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Why Does Tragedy Make a Film So Compelling?

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By Chris Kavan - 06/25/14 at 06:25 PM CT

It was recently announced that director Scott Cooper (Crazy Heart) with help from screenwriter Ken Nolan (Black Hawk Down) would be adapting the story of the Granite Mountain Hotshots. That is the crew of Arizona wilderness firefighters who lost 19 members in 2013 fighting the Yarnell Hill Fire. It is a heroic story that takes place on the homefront instead of the battlefield (for once) but it also made me think of some of the most moving dramas - and also some of the more lurid films out there - and what makes real-life tragedy so ripe for the film world.

While there are many types of films you can base on "true" events, I'm going to focus on just two: those that will have you crying for days, and those that obviously take advantage of something terrible and spin it in the most shocking manner as possible (often playing fast and loose with the whole "true story aspect"). But in both cases, it all comes from the same place: an event that many might not want to remember, but that is important never to forget.

First, the serious side of things. When we're talking heavy subject matter that deals with a difficult subject, no film comes to mind quicker than Steven Spielberg's Schindler's List. In our modern history, is there any event more galvanizing that The Holocaust? The Girl in the Red Dress - just one scene that will leave you shaken in Schindler's List World War II in general has done more to shape our world than anything else I can think of, and the Nazi plan to eradicate the Jewish people played a major part in that history. Spielberg has a personal connection to the subject, which I think made the film all the more authentic. It is in turn heartbreaking, horrifying, brutal - and it cuts to the bone - or straight to the heart - when you realize this happened. And nothing here is glorified or played for anything but the sheer impact - it's as far from sentimental as you're going to find (and we all know how well Spielberg does sentimental).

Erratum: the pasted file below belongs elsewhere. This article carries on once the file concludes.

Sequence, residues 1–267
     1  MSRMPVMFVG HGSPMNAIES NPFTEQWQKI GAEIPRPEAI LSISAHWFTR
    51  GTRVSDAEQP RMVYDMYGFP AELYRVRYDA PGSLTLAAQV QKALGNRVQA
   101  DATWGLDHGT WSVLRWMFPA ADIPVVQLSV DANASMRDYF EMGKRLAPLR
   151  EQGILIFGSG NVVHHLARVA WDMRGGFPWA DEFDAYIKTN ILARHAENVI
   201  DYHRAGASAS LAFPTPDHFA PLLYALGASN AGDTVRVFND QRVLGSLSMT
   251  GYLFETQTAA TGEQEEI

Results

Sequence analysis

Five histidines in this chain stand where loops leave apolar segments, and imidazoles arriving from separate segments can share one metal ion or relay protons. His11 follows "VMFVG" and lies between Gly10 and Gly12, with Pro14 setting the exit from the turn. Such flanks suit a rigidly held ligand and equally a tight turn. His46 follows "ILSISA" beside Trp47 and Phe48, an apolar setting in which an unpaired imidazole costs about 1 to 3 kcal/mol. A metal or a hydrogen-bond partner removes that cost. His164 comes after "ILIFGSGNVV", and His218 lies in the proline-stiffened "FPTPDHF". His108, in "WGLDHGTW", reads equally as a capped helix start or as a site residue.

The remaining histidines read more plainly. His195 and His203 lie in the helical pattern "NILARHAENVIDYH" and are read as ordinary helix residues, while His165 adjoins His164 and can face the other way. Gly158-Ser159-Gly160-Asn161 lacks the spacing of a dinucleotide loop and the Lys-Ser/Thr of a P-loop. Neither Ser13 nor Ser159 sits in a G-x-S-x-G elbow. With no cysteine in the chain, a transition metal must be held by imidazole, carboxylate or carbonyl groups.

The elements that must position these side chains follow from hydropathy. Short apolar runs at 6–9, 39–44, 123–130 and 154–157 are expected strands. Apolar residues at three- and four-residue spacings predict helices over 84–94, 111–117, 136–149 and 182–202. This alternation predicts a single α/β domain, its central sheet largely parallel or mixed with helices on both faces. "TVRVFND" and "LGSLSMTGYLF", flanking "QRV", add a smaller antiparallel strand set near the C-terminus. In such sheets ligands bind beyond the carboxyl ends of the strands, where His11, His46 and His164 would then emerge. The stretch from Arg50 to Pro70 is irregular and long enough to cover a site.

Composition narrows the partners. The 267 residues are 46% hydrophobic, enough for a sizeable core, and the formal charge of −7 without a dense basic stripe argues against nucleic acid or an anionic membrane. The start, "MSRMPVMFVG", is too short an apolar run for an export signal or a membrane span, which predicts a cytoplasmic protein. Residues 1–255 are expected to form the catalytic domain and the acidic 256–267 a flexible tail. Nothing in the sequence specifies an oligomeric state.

Now, not every movie can be Schindler's List but there are plenty of examples of movies that do the true-to-life drama well: Alive, My Left Foot, Into the Wild, 127 Hours - and I'm sure you can add in many more. These are the films that turn tragedy to triumph.

On the other hand, where we're talking about films that are meant more to shock, one of the first films to come to mind is Henry: Portrait of a Serial Killer. Serial killers especially fit this genre well - but so do cults, unsolved murders and other crimes of their ilk. The reason I pick Henry is because of how just... dirty... it all feels. Michael Rooker Michael Rooker plays Henry to the hilt, and it shows. (late of The Walking Dead fame) had his first role as Henry - based (quite loosely) on the real life Henry Lee Lucas. The film is stark, cheap and pulls no punches - yet still hits you in the gut - and makes you want to take a shower to boot. Granted, the film pales in comparison to what pushes the envelope today, but for '86 it was heavy - and I think it's still pretty effective today. Just as we find an emotional connection to the more dramatic films - there is a certain fascination (much like craning your neck to see that car wreck on the side of the road) with witnessing this kind of film.

Now, you could probably list off three times as many of these type of films as the other - some are done much better (think Zodiac, Summer of Sam or Hollywoodland) while others no better than a typical exploitation flick (The Girl Next Door, Men Behind the Sun or any of the self-titled serial killer films Dahmer, Gacy, Ed Gein, etc.). Whether there is a worthwhile director behind the camera or it's a straight-to-video effort - they all exist usually because of a twisted individual or a horrendous crime - and it's often hard to look away.

There is no shortage of films that deal with tragedy - almost any major event in the last hundred or so years - from assassinations to war to despots, hostage situations, terrorist action or any number of senseless deaths - you will probably be able to find a film about it. So why are we so invested in tragedy? For one, it is a way to preserve history - even the darker aspects of it. Even if it isn't as factual as, say, a memoir or a history text, I think it is much more accessible to many people (though shouldn't be taken as absolute truth). And the other is just the sheer emotional connection - we can feel sadness, revulsion, horror - but we do feel something - and that emotional investment is a big part of why true-life dramas continue to be a popular choice for directors. And, as the story of the Granite Mountain Hotshots proves, it continues to be true.

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